The Kafkaesque reality of Pakistan's blasphemy laws

Sherry Rehman, Pakistan’s ambassador to the US, is under police investigation for alleged blasphemy after making the case on television for the law to be re-examined and for the death penalty to be removed.

In Franz Kafka’s novel, The Trial, the protagonist Josef K. is unexpectedly arrested by two unidentified agents from an unspecified agency for an unspecified crime. For the duration of the story, neither Josef nor the reader knows what he is supposed to have done, even when he is eventually killed for his crime.

The situation surrounding Pakistan’s controversial blasphemy laws is not dissimilar. The law means that anyone found guilty of defaming the Prophet Muhammed can be sentenced to death. Many facing such accusations have been forced into hiding or killed by mobs before they even stand trial.

Blasphemy laws in and of themselves are not unusual: many countries across the world have legislation which restricts what one can say about religion. The problem in Pakistan comes from the exceptionally harsh penalties, and the light burden of proof. The law sets out no guidance on what constitutes blasphemy, no standards for evidence, no requirement to prove intent, and no safeguards to punish those who make false allegations. This means that, essentially, the standard for blasphemy is whatever offends the accuser. As such, it is frequently used to persecute minorities or settle personal vendettas.

Witnesses can refuse to repeat the alleged blasphemy in court, in case they themselves become culpable. There have been stories of judges refusing to hear evidence defending the accused for fear of offending religious zealots. Blasphemy is a non-compoundable crime, meaning that cases cannot be settled out of court. Once a charge is filed, it is difficult for the case to be quashed, and the accuser cannot simply drop charges. It is not unthinkable that someone could be accused of blasphemy and sentenced to death without ever being told exactly what they are meant to have said and thus being unable to disprove it. Suddenly, Kafka’s Josef F doesn’t seem quite so surreal.

That blasphemy laws are a serious impediment to freedom of speech goes without saying. But the extent to which this is true has been highlighted yet again in recent days, with the news on 21 February that Sherry Rehman, Pakistan’s ambassador to the US, is under police investigation over allegations of blasphemy.

The basic facts of the case are as follows. In late 2010, before Rehman had been posted to the US, she lodged a private members' bill seeking to abolish the death penalty for blasphemy after Aasia Bibi, a Christian woman, was sentenced to death. Two other politicians who were campaigning for a change to the law were murdered soon afterwards. Salman Taseer was shot in January 2011, and Shahbaz Batti in March 2011. Blasphemy reform was shelved soon afterwards.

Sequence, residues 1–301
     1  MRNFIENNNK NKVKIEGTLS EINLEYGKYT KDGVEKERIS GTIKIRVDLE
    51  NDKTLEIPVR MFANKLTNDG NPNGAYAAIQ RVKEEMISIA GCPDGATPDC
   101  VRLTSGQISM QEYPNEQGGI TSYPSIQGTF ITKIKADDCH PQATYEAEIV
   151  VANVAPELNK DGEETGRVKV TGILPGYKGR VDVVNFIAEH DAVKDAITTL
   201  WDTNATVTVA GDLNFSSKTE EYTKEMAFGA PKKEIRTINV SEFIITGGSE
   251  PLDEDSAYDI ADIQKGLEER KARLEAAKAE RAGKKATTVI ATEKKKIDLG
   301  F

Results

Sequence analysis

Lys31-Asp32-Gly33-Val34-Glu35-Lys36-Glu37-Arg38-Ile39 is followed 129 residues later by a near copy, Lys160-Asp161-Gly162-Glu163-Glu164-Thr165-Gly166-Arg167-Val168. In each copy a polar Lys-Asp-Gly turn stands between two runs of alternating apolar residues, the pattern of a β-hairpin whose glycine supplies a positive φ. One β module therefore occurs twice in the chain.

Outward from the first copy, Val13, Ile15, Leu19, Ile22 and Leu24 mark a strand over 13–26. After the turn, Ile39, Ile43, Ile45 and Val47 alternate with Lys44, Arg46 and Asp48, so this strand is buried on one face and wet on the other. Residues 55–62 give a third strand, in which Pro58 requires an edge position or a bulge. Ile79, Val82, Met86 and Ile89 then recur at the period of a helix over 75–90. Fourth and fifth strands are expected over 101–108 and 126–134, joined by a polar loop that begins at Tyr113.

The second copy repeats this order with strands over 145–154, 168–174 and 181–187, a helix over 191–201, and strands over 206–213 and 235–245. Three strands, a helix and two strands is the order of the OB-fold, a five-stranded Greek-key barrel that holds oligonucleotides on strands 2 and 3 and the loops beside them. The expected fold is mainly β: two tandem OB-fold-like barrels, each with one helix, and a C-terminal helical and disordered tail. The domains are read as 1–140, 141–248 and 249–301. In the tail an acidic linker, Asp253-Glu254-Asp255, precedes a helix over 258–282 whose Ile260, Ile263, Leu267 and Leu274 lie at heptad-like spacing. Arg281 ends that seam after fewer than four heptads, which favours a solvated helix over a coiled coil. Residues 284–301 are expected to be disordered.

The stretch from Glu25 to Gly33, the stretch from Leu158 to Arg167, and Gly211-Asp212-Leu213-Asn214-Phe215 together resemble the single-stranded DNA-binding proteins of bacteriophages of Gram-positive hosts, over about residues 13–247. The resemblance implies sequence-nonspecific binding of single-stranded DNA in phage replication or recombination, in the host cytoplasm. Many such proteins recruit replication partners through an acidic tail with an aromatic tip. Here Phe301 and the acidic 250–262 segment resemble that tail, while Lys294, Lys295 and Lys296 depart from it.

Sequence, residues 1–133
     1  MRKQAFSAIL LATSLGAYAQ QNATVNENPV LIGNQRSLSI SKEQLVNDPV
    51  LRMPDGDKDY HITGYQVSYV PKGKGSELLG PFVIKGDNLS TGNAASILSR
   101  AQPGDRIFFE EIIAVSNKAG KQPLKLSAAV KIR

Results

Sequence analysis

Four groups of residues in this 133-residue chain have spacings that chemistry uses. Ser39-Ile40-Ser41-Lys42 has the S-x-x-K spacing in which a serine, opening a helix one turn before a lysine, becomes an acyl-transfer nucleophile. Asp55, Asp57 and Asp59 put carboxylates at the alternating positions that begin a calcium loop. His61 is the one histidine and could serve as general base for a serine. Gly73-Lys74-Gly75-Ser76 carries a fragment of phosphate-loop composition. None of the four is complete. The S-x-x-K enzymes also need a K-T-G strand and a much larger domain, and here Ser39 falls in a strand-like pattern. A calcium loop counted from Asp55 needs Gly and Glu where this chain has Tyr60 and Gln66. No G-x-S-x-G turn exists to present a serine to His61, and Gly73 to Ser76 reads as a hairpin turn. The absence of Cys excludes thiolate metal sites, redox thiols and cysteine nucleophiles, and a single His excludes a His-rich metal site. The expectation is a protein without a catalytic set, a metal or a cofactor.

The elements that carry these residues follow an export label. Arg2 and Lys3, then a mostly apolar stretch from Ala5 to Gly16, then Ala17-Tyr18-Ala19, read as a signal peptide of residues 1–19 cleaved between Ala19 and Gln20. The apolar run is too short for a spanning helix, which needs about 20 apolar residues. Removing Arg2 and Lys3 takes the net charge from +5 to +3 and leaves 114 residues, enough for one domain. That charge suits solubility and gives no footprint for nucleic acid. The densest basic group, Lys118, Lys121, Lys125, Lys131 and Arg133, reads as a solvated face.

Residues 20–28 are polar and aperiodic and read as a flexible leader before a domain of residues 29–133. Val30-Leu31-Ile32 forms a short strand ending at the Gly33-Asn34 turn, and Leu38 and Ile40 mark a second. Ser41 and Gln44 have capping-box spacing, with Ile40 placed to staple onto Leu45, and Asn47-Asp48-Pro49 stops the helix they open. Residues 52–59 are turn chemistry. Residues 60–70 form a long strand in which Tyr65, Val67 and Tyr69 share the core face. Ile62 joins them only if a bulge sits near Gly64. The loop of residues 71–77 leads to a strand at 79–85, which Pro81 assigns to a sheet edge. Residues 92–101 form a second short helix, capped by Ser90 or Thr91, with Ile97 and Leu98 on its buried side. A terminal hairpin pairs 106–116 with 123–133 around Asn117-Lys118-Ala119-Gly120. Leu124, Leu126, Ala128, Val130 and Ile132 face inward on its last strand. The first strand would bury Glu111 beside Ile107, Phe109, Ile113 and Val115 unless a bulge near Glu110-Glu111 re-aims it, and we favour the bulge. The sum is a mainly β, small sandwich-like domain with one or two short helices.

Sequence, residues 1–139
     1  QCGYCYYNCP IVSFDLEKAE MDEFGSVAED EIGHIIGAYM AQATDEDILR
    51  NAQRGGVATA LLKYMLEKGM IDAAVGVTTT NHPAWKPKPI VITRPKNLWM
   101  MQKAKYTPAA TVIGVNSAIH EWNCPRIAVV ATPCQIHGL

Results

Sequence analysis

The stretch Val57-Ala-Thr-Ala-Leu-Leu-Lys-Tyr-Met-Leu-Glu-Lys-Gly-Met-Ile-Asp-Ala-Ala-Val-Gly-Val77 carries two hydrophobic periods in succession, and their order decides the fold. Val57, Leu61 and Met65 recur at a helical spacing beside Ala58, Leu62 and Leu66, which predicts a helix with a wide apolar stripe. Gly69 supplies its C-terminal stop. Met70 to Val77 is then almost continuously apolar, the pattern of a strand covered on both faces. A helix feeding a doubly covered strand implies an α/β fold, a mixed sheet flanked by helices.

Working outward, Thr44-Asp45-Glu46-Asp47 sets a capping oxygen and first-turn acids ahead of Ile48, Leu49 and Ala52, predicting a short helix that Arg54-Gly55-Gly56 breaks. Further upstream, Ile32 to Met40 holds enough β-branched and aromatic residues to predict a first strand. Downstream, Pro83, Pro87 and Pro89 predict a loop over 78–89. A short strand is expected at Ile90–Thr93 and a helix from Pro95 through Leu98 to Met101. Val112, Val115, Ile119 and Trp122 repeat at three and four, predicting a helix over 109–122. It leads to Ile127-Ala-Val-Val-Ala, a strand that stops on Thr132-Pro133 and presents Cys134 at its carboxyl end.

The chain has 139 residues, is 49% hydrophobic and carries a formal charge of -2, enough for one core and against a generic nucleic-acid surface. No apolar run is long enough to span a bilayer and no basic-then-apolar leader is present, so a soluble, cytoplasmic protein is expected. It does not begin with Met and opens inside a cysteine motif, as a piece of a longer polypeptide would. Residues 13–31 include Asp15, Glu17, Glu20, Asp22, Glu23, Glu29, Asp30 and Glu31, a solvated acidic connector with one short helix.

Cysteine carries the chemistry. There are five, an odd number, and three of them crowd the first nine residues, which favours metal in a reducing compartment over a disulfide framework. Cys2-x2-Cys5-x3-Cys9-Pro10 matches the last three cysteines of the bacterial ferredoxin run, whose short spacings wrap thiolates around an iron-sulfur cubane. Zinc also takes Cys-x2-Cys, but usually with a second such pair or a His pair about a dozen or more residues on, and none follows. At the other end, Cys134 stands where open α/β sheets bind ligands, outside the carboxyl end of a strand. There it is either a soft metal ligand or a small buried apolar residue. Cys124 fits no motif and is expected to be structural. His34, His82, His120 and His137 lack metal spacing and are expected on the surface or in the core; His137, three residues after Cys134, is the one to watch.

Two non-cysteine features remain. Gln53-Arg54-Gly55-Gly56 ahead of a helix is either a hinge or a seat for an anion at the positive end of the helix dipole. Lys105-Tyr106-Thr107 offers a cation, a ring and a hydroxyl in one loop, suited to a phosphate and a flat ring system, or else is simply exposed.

On 30 November 2010, before Rehman’s private members' bill had been thrown out, she appeared on Dunya TV’s news programme, Dunya Meray Aagay. She repeated her calls for the law to be re-examined and for the death penalty to be removed. Remarks she made on the show prompted Muhammad Faheem Akhtar Gill, a marble dealer in Multan, to lobby police to register a case against her for blasphemy. After nearly three years of persuasion, his efforts have been successful, and the police have started an investigation under the orders of the Supreme Court. Given the aforementioned problems with the blasphemy legislation, the media cannot report what Rehman is supposed to have said, in case newspapers fall foul of the law. People are clearly curious: a Google search for “Sherry Rehman - what did she say” yields 21,800 results.

That a lawmaker should face a criminal investigation for discussing a parliamentary matter is, once again, Kafkaesque. The law of parliamentary privilege applies in Pakistan. It gives members of parliament legal immunity for actions done or statements made in the course of their legislative duties. The idea underpinning this law is that parliamentary business shouldn’t be impeded by restrictions on free speech. In the United Kingdom, where libel laws are the biggest drag on free speech, MPs cannot be censured for defamatory statements made while they are in the Houses of Parliament. Given that blasphemy laws are arguably the most significant restriction on free speech in Pakistan, it would not be unreasonable to expect a similar immunity.

Of course, parliamentary privilege covers lawmakers while they are actually in parliament – and when Rehman was speaking to Dunya TV, she clearly was not in the parliament building. But the fundamental fact remains: the blasphemy reform bill was passing through the legislature and a lawmaker is now facing charges for discussing it. A crucial part of a functioning democracy is the ability to openly and publicly debate significant legislative changes before they are passed into the statute book. If proposed legal changes cannot be openly discussed without politicians facing prosecution, it has serious ramifications for the very functioning of the Pakistani state. It is the public that will suffer if laws and policies can’t be debated and scrutinised.

The blasphemy law has created and facilitated a culture of vigilantism. As soon as someone has been accused of blasphemy, they live under the threat of death. When the young Christian girl Rimsha Masih was falsely accused of blasphemy last year, her family was forced into hiding. According to the Islamabad-based Centre for Security Studies, at least 52 people accused of blasphemy have been killed since 1990. Many die at the hands of angry mobs before they are convicted. Given this high threat of violence, it is perhaps unsurprising that politicians are afraid to touch blasphemy law.